Pretty much the same thing…just not the heart attack and the robbery. Lot of days like that, where you try and try and try meet people, and its not happening. Then you wonder sometimes, was it us? Was it what we were doing? Sometimes you don’t have success, there are people out there waiting. God is testing if youre diligent enough. The whole week was pretty bad like that, but on the last day, we got one phone call from a member who gave us a referral. I have a good friend, been talking about the church, they want a copy of book of mormon and they want to meet w you, can you come over? we were like, yeees, we’d love to. We set up an appointment that next week and went over and taught her, and after a whole week of griding through rough and tough hard work, we were rewarded with one call with a referral and a little bit of success. you know what, had we not worked hard eearlier in the week, I don’t know if we would have. as much as it was for the other people, it was for us, too. To really see how faithful we are ourselves.
thats what its supposed to do. why you do that for two years. Do you thikn about what you couldve veen doing instead? Now you’re a 21 year old kjid and youve been through this, at what point do you have to say im keeping that with me or im letting it go and moving on to next phase of life. lot of people become defined byt hat mission for two years and cant let go of the experience
A lot of guys ive met, that;s all they think about. they wish they were back there. But its int he past. Those two years are gone. You have to live life now. you have to go to school, continue on. Its not worth living in the past, living in your mission. Its great to take everything you learned, to remember the hard times and experiences and apply them to life now, but you cant dwell on them. when i came home, i decided with coming back to LA, alrihght my mission was great. I learned a lot of things. it was hard, very humbling, overall a great experience, now what can i take from it good and bad so i can ensure success in college, in life? Obvy i dedicated two years to the Lord serving Him, and I know he’ll take care of me and bless me, but i still have to do my part. A lot of people who do their mission, expect to be blessed and forget to do there part. I know that blessings from God are conditional. As long as you do your part, he’ll bless you. I made the decision right before I came back, I couldn’t sit on the fence. I’d be on one side or the other. Making that decision will effect the rest of my life, and I’m committed to doing that.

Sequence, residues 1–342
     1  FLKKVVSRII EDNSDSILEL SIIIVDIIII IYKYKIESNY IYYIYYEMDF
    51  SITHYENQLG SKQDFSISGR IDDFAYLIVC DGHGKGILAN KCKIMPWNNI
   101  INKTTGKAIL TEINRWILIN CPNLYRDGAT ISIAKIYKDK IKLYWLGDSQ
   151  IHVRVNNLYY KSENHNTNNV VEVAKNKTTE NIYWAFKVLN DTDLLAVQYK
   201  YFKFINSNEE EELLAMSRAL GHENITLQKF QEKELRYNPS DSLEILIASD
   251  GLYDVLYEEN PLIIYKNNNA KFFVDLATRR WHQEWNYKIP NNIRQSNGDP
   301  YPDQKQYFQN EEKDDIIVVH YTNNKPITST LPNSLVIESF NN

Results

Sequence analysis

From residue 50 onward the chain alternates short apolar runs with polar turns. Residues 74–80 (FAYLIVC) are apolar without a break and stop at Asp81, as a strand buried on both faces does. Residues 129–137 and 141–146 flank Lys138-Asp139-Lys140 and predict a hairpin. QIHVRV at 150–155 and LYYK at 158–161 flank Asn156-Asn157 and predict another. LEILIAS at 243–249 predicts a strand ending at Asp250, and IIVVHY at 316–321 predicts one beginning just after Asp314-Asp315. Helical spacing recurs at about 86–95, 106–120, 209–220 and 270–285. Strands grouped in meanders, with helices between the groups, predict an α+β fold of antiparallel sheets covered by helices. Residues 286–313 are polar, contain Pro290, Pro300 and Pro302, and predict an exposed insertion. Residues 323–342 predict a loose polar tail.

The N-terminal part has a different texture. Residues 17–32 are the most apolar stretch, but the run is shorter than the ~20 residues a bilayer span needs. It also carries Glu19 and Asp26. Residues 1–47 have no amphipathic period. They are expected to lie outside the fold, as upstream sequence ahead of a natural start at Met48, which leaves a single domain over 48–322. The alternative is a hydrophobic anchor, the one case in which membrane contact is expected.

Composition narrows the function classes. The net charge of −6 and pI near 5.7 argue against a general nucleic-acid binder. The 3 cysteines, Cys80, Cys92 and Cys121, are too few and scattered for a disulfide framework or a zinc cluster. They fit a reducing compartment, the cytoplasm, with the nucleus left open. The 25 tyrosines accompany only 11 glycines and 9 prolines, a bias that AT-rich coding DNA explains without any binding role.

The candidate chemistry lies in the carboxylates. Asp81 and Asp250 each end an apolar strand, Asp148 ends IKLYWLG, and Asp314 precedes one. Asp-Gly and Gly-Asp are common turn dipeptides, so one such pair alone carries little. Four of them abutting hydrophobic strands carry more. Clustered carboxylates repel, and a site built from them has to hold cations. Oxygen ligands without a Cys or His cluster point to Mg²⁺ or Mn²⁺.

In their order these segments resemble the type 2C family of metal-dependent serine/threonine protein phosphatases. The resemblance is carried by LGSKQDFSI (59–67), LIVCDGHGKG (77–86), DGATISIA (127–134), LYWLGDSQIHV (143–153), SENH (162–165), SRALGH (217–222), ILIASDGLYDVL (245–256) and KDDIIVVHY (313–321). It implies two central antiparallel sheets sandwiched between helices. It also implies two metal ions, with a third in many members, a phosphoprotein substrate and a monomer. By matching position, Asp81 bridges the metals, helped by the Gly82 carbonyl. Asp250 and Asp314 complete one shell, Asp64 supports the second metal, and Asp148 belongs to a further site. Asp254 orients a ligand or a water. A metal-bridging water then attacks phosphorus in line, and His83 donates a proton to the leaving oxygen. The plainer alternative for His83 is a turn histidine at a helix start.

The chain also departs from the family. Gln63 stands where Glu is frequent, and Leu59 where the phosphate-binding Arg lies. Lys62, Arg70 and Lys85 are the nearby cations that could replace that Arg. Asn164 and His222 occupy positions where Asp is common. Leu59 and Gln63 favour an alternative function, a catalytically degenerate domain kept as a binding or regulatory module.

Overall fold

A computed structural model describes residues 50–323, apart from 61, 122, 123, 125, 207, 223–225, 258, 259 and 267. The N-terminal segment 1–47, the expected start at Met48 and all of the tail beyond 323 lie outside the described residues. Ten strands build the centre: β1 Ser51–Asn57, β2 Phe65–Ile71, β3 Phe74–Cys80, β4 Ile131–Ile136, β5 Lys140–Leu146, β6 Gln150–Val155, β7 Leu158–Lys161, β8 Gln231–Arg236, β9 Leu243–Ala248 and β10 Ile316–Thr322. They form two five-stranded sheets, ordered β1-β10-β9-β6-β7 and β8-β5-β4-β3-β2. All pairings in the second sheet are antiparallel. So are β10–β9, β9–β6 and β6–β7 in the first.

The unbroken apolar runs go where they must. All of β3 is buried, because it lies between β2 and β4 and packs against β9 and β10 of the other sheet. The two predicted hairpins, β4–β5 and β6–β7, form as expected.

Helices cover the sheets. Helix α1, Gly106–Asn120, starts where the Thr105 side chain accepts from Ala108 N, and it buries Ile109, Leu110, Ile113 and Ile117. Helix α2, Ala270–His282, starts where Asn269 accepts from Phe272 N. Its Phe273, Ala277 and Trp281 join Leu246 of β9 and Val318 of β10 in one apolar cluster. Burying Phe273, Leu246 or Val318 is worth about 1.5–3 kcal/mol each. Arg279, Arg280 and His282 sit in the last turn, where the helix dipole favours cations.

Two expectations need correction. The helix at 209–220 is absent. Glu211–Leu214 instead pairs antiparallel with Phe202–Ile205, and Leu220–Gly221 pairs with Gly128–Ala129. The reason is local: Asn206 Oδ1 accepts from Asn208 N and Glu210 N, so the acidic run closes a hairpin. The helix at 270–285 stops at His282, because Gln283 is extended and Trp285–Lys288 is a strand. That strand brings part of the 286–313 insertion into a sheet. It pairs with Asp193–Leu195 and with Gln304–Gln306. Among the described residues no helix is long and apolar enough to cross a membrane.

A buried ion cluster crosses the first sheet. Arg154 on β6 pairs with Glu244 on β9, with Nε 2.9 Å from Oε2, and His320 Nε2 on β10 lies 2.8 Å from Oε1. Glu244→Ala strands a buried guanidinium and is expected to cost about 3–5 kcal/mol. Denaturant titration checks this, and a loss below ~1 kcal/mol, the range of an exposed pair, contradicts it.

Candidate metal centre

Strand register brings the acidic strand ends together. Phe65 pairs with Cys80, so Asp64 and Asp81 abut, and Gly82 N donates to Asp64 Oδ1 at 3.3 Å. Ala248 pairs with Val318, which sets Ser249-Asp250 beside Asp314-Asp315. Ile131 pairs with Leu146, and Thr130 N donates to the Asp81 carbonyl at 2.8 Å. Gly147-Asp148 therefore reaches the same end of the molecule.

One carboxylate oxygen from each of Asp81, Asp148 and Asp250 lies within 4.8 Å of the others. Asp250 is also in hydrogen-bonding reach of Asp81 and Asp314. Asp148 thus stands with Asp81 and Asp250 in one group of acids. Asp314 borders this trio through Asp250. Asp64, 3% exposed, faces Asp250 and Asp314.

tempted to go to byu, utah and to continue
Yeah, I was a little bit. not for a football reason. There were a lot of rumors I guess speculating if I would be back. I always wanted to come back to UCLA. I was a little bit skeptical when Coach New got fired. He was the guy who gave me my scholarship, he was my coach. when he was fired, naturally i looked into other options. Just started thinking about them, if it wouldn’t work out, if UCLA wouldn’t take me. I wasn’t sure if coach Mora would want me. I wasn’t sure.. A lot of people think I’m dumb for thinking that, but it was realistic. I was thrilled to find out when Coach Mora got hired, he still wanted me back at UCLA. I was thrilled I didn’t have to sit out. I can understand after serving a mission, I can see why guys will transfer to BYU or Utah after. I can see they want to surrounded by that. Its a nice thing to have,to be around by those with your with your beliefs. ive actually met quite a few people here who area lready members of the church, and a lot of friends and people have aske